El Abani (El Ouerfeli) v. Libyan Arab Jamahiriya


Legal Relevance

Keywords: Burden of Proof | Interim/Urgent Measures | Deprivation of Liberty | Evidence | Judicial Protection | Juridical Personality | Refusal to Disclose Fate | Relatives as Victims | Effective Remedy

Themes: Characteristics of the Crime | Related Crimes

The Committee made a finding of inhuman treatment both with respect to the victim, due to the fact that he was exposed to acts of torture, kept in captivity for nearly 18 years and prevented from communicating with his family and the outside world, and with respect to his family, due to the anguish and distress caused by his disappearance. The Committee also found a violation of the victim's right to liberty and security, as he was arrested without a warrant, held incommunicado without access to defence and not informed of the grounds for his arrest or the charges against him for 11 years. The Committee further found that the victim's enforced disappearance in the absence of any inquiry deprived him of the protection of the law. It reiterated that intentionally removing a person from the protection of the law for a prolonged period of time may constitute a refusal to recognise that person before the law if the victim was in the hands of State when last seen, and if the efforts of their relatives to obtain access to remedies have been systematically impeded.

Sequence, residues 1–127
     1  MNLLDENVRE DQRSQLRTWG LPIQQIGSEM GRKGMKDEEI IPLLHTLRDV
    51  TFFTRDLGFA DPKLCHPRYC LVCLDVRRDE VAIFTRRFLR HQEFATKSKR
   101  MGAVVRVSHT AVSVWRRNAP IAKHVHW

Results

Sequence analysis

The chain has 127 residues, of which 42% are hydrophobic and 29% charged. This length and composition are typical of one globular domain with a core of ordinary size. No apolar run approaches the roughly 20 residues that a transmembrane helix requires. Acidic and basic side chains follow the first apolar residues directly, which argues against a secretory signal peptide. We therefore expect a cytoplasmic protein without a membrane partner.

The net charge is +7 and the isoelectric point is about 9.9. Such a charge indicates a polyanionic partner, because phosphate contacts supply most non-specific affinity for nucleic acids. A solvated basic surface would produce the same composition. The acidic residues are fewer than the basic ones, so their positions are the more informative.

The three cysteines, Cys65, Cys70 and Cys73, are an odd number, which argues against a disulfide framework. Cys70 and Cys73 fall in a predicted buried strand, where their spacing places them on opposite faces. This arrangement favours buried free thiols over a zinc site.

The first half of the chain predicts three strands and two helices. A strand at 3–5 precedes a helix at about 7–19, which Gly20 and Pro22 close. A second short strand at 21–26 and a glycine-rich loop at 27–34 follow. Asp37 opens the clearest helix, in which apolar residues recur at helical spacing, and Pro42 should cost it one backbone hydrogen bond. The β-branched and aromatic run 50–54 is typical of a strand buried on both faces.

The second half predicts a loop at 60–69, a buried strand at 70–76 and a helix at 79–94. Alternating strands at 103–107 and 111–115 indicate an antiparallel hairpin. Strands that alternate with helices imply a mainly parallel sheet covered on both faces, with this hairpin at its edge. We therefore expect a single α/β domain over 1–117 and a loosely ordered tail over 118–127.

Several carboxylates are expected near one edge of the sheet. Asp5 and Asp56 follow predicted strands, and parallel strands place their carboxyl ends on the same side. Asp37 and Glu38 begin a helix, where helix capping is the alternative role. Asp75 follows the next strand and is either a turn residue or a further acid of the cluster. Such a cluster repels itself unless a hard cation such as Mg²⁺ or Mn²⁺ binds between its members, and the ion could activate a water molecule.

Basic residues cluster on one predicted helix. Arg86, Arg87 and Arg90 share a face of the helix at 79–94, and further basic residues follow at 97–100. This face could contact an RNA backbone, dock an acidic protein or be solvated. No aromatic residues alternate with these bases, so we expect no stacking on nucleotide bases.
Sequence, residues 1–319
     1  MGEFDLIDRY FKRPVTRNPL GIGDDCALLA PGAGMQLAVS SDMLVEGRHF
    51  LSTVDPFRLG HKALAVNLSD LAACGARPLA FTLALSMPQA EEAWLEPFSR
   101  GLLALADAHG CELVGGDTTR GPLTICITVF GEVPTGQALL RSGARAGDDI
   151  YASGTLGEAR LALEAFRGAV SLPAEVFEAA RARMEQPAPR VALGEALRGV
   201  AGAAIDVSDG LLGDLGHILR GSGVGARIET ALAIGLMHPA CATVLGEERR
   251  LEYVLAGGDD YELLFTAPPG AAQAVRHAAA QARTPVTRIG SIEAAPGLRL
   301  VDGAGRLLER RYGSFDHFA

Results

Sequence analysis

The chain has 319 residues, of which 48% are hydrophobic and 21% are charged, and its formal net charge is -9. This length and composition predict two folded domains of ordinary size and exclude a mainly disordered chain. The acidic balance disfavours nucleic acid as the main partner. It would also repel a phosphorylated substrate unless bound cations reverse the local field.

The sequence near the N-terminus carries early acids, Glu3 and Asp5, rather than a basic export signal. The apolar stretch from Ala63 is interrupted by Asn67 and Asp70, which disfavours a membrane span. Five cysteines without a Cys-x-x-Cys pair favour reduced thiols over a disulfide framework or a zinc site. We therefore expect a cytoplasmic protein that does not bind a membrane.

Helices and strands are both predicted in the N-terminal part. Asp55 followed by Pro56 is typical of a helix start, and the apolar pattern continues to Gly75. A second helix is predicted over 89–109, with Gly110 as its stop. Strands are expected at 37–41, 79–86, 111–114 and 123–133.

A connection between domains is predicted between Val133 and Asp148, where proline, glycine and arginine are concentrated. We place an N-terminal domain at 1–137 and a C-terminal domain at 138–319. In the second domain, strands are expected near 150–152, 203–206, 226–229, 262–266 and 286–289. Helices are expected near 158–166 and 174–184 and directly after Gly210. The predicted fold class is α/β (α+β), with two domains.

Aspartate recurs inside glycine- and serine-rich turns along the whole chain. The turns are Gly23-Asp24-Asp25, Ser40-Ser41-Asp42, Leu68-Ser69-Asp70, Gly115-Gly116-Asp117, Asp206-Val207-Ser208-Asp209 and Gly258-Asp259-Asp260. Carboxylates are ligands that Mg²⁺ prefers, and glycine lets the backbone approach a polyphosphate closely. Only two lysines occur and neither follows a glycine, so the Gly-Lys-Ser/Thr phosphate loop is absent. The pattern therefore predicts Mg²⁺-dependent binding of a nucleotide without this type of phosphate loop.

Judgment Date

July 26, 2010

Country

Libya (Libyan Arab Jamahiriya)

Judicial Body

Human Rights Committee

Articles violated

Article 2(3) [ICCPR], Article 7 [ICCPR], Article 9 [ICCPR], Article 10(1) [ICCPR], Article 14(1) [ICCPR], Article 14(3)(a) [ICCPR], Article 14(3)b) [ICCPR], Article 14(3)(c) [ICCPR], Article 14(3)(d) [ICCPR], Article 16 [ICCPR]

Facts of the Case

Mr. Wanis Charef El Abani, a judge, was summoned for disciplinary reasons by the Minister of Justice in April 1990. He was arrested by members of the internal security services in the office of the Minister without a warrant and without information about the grounds for his arrest. Mr. El Abani was then held incommunicado and tortured for three months before being taken to a prison. All the steps that his family took to ascertain what had happened to him and where he was being held proved fruitless. Mr. El Abani was held in complete isolation in a special part of the prison for most of his detention, without any family visits or contact with a lawyer. In April 2001 he was notified about his charges. In December 2001 he was able for the first time to speak with his wife. Mr. El Abani was brought before a military court on in January 2002, and sentenced to 13 years in prison. After serving his sentence in 2003, he continued to be held in the same prison until January 2007, when his family learned that the internal security services had transferred him. In April 2007, the Working Group on Enforced or Involuntary Disappearances sent an urgent appeal to the State. Mr. El Abani was released on in April 2008.

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